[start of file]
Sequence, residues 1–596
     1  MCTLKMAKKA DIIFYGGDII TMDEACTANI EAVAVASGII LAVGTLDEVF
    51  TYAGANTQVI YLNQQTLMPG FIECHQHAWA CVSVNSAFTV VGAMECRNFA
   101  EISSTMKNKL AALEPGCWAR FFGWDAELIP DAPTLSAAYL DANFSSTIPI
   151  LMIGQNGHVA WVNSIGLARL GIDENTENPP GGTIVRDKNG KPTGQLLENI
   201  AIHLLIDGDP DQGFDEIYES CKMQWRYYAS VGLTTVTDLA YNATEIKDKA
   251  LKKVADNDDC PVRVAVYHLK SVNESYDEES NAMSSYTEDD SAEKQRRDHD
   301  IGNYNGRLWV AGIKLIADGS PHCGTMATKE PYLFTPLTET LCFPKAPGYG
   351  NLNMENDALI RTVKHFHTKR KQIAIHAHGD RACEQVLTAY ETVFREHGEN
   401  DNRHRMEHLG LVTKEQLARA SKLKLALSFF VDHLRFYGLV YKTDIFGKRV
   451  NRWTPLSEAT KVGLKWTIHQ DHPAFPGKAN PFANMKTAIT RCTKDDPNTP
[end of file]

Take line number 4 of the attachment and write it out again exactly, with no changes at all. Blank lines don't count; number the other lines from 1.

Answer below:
   101  EISSTMKNKL AALEPGCWAR FFGWDAELIP DAPTLSAAYL DANFSSTIPI